CHAPTER 4: Dulcimers in the British Isles since 1800 > Dulcimers in the Midlands & the North
Leslie Evans - repertoire
Leslie Evans' repertoire was probably unique among dulcimer-players, combining the usual popular songs - Follow the van, I belong to Glasgow, She's my lady love, Daisy Daisy, as one selection, for instance, with hymns, sacred songs, like Bless This House, and such classics as Beethoven's well-known Minuet in G and Handel's Silent Worship.
Of particular interest is his vivid imitation of bells. imediately so because of the similar pieces published in the printed tutors, but much more because of his treatment, which is remarkable in its realism, even to the extent of reproducing the unevenness of a team of ringers who have not practised during the summer months. The sensitivity towards dynamics which resulted in the fade at the end is, I think, unique among the older generations of British Isles players.
The life-like ticking of My grandfather's clock is produced by plucking the bass strings to the right of their bridge, the residual portion which is too short for normal use; and the snapping of the spring at the end is produced from the same string portions.
When asked if there were any particular dulcimer tunes, ones that were not played on anything else, he replied:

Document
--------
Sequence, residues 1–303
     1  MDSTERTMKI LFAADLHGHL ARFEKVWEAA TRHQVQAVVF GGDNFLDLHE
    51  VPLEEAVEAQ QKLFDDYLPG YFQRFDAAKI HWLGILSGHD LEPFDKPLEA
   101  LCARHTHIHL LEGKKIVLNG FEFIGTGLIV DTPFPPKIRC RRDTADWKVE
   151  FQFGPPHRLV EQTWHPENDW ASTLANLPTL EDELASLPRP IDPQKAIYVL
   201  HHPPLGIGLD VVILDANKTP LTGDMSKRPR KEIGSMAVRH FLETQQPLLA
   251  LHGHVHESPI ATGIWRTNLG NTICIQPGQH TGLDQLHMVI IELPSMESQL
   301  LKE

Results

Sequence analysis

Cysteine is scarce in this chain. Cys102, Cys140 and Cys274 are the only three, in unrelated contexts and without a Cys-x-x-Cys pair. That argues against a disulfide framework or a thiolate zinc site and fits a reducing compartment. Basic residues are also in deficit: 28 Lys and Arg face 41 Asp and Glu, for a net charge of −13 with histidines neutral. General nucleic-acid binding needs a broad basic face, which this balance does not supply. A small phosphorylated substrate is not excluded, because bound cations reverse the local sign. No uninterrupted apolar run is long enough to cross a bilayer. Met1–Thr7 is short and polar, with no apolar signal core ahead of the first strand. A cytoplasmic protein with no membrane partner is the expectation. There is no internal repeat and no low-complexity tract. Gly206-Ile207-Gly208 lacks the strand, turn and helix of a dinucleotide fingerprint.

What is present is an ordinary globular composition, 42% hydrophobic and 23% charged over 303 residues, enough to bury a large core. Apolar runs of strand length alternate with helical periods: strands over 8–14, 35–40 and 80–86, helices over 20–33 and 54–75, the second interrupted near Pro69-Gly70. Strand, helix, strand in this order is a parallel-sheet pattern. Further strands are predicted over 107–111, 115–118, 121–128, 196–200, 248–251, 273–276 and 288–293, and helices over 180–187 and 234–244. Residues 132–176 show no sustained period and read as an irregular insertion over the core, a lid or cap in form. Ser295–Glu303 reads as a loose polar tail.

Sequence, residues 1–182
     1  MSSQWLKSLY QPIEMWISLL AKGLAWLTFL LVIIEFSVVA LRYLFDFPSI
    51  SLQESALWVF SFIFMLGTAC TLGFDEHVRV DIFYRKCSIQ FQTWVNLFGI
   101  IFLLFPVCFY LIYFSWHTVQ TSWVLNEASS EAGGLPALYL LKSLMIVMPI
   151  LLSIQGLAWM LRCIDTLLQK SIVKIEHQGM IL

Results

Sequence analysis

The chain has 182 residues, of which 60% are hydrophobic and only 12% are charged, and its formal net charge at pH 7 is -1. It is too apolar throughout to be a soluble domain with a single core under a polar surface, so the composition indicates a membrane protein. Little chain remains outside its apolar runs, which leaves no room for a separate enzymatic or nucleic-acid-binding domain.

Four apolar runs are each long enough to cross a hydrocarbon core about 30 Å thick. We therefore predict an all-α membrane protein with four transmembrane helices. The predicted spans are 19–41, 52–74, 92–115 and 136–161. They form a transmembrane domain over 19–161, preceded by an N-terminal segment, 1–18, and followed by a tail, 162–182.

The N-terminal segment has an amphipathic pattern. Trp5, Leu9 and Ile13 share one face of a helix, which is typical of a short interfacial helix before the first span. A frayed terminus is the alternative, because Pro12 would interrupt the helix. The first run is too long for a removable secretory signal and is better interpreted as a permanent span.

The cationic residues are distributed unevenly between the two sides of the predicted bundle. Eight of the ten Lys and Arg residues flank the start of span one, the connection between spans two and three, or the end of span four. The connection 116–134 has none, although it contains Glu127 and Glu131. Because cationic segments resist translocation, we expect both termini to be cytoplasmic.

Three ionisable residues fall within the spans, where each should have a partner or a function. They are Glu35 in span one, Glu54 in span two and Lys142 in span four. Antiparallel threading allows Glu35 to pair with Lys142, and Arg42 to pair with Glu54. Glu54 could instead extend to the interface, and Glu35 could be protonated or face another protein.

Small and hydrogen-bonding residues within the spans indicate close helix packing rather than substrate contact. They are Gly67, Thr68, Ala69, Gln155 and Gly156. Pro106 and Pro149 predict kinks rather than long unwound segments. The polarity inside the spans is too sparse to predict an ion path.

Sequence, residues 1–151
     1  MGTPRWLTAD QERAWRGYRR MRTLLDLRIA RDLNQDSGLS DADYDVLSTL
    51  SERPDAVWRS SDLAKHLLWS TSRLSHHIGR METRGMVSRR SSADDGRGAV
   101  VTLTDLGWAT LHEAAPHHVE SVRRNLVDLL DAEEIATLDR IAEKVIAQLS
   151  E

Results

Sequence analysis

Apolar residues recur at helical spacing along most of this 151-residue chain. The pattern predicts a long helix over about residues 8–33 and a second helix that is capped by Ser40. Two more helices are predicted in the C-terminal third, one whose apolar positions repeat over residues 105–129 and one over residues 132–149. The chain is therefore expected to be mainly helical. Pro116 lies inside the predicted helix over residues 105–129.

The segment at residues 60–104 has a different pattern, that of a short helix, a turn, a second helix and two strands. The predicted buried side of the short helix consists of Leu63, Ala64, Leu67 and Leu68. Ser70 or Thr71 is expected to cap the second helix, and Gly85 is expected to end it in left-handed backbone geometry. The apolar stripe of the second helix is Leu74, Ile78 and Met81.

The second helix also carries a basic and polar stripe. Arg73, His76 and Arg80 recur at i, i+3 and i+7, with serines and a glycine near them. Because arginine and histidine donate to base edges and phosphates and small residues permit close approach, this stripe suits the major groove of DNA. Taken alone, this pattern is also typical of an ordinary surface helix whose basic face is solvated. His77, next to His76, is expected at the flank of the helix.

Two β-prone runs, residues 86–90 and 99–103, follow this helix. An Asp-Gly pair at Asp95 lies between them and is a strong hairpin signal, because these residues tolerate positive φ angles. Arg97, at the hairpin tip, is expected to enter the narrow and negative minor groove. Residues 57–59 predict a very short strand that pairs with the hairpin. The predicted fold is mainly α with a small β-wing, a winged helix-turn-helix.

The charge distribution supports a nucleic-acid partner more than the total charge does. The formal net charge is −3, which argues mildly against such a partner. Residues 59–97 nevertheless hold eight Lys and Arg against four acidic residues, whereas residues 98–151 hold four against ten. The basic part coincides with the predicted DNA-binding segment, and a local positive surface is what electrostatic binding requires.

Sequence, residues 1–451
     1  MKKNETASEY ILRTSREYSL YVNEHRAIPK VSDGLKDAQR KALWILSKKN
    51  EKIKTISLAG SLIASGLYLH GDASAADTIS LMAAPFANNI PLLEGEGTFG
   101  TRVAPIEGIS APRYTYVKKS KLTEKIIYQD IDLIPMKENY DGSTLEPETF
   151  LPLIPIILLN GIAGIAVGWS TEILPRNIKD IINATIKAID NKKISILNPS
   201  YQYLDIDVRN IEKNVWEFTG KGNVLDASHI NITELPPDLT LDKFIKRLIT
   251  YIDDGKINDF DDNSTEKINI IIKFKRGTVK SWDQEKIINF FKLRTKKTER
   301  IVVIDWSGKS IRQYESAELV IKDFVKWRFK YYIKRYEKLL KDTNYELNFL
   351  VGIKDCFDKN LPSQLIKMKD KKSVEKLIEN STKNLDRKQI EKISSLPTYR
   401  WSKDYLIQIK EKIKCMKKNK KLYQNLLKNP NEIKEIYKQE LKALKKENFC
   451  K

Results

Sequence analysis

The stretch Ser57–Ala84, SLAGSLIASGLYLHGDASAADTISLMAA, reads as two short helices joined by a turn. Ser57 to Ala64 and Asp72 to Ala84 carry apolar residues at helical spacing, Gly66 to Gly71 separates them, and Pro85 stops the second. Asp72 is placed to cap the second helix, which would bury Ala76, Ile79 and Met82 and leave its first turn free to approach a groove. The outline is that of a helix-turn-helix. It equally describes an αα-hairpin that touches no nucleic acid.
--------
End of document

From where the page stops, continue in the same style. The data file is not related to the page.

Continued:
"There was one, I got it out of the library, in Town, through this Lady I was with, she went and got this book on dulcimers, she says, 'Here, Leslie,' she says, 'there's a tune here, written for the dulcimer, 400 years old,' ... it's not much of a tune, it went something like this ... "
- and he proceeded to play a tune which, in spite of superficial differences, is readily identifiable as the melody, by now rather familiar, from Wyss' 1826 Bern collection of Ranzes des Vaches.
When I expressed surprise at the mention of a "book on dulcimers, Mr. Evans suggested that it was probably a book about instruments, with something on the dulcimer in it; he was aware of the Assyrian relief, which he described in graphic detail, and this would tentatively identify the source as the 1911 transcript of Southgate's lecture. Mr. Evans concluded that
"it didn't register with me as a good tune, it was a tune for that age ...